10 Things You Should Know About the 2014 Ebola Outbreak
According to the U.S. Centers for Disease Control and Prevention (CDC), the Ebola virus causes viral hemorrhagic fever in humans, which affects multiple organ systems in the body and is often accompanied by bleeding. Early symptoms include sudden onset of fever, fatigue, muscle pain, headaches, and a sore throat, with more severe symptoms such as gastrointestinal issues and unexplained bleeding following shortly thereafter. We are currently seeing the deadliest outbreak of Ebola virus on record, with most of the cases centered in West Africa. Here are some of the things you need to know about the 2014 Ebola outbreak.
- Over 3,000 people have died from the Ebola virus so far, with most of the deaths occurring in West Africa and almost 6,000 cases of Ebola diagnosed to date. Direct contact with an infected person is required for the virus to spread. This means that the risk to the public in the U.S. is very low.
- The 2014 outbreak began with just a handful of cases in Guinea in March and today has been declared to be an international health emergency by the World Health Organization (WHO).
- Early treatment has been shown to be critical in this outbreak. Early supportive care that focuses on rehydration and treatment of symptoms can significantly improve one’s chances for survival. Ebola, in fact, carries a mortality rate of 90 percent if left untreated, but that number is reduced to 50 percent when treatment is sought. It can be difficult to tell the difference between Ebola virus and other infectious disease like typhoid fever and meningitis. Laboratory tests generally need to be performed to identify the presence of the virus in the blood and/or bodily fluids.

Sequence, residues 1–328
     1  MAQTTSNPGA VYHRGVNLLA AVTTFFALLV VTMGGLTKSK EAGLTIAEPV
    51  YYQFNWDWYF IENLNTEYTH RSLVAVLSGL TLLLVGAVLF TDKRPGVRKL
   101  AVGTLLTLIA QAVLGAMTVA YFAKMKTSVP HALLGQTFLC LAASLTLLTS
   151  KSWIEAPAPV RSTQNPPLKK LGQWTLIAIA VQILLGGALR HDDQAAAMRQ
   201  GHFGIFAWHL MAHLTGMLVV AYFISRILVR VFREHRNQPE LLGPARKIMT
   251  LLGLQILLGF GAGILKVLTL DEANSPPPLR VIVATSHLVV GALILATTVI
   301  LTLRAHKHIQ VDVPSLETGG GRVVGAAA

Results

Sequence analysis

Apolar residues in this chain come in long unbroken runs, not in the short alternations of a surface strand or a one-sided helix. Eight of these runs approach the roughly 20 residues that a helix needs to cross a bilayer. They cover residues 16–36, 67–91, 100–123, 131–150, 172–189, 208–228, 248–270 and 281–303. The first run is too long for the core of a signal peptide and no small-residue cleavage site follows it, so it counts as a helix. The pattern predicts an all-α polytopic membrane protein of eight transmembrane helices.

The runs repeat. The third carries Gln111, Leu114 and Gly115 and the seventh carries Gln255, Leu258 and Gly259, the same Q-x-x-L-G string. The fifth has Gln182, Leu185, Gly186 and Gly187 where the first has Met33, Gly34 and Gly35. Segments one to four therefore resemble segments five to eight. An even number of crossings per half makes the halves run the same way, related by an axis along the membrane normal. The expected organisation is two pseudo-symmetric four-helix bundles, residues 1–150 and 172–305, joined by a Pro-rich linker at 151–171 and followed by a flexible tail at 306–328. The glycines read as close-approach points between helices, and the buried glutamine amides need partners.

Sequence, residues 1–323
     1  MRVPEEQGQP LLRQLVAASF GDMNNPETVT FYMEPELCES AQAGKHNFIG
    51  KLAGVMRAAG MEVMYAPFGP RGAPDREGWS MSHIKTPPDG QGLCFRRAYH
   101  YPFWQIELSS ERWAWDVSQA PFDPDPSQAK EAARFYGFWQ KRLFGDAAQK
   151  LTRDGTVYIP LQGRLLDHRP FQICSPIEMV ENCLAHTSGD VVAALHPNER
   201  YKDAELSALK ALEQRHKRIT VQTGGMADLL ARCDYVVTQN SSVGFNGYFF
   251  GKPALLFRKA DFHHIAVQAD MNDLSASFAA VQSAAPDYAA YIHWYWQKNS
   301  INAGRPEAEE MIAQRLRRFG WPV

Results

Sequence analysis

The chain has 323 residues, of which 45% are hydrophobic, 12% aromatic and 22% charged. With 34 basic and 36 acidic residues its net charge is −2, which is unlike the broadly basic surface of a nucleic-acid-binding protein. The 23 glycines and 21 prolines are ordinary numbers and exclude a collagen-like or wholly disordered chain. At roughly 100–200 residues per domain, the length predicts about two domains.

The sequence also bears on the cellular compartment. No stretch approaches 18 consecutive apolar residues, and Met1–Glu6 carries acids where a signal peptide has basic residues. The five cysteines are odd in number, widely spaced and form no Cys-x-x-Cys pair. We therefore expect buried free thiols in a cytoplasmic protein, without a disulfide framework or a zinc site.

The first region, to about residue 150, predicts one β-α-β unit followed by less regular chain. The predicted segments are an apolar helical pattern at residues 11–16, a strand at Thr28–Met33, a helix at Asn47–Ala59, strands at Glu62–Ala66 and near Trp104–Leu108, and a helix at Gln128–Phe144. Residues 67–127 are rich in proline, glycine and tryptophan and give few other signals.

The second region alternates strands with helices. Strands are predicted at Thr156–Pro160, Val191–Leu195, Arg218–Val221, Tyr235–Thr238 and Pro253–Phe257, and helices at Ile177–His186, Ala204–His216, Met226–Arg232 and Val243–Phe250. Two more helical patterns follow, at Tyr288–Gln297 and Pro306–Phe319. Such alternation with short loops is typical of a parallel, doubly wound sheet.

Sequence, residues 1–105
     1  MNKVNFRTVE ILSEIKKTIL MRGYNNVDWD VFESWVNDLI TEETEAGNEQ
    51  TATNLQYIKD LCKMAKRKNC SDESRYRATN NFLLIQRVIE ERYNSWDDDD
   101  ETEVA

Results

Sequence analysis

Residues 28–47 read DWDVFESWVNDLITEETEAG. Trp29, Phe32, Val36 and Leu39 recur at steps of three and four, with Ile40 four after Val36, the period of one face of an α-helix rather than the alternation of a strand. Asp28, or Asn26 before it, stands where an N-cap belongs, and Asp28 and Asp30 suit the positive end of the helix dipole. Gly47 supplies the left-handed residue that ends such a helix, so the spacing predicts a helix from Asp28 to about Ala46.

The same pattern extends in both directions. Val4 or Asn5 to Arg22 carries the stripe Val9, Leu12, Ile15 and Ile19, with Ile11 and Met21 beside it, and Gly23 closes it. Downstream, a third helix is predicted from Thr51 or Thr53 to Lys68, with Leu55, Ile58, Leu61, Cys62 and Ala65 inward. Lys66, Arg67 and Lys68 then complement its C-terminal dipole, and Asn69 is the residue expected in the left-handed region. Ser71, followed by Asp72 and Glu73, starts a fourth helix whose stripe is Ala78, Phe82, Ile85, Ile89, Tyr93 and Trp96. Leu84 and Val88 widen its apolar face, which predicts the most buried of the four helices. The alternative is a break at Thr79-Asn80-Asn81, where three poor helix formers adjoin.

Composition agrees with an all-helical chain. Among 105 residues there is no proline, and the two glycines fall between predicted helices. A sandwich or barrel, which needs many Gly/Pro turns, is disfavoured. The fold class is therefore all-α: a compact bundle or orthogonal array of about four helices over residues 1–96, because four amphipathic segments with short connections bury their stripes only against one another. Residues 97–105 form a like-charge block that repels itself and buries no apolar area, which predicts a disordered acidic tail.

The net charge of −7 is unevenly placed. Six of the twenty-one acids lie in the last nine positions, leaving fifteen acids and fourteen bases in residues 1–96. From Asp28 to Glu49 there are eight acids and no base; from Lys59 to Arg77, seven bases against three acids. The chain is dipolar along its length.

- There are actually five subtypes of the Ebola virus. The Zaire strain (the first to be identified) is considered to be the most deadly, and preliminary tests are showing the 2014 outbreak to be caused by this strain.
- There is no cure for Ebola at this time. Scientists so far have been unable to come up with a course of treatment that neutralizes the virus. However, work is promising in this area, and there are a number of blood, immunological, and drug therapies that are currently under development.
- There is no vaccine for Ebola at this time. Although there are two potential vaccines that are being tested and evaluated, at this point there is no inoculant available to stop an outbreak were it to occur.
- In the current outbreak, doctors have had some success with an experimental treatment called ZMapp. This was given to a British nurse, American missionary, and aid worker, all who made a full recovery following treatment. However, there have been two known fatalities following this treatment as well. One of the problems with ZMapp is that it’s slow to produce.
- As reported in the New York Times on September 30, 2014, officials are confident in the standard procedures currently in place in the U.S. for controlling the spread of an illness like Ebola and will be able to effectively contain the spread of infection.
- There was a 2012 Ebola outbreak in Uganda that was successfully controlled through the establishment of a control area around the treatment center.
- The Ebola outbreak will be considered over once forty-two days have passed without any new cases (this is double the incubation period of twenty-one days).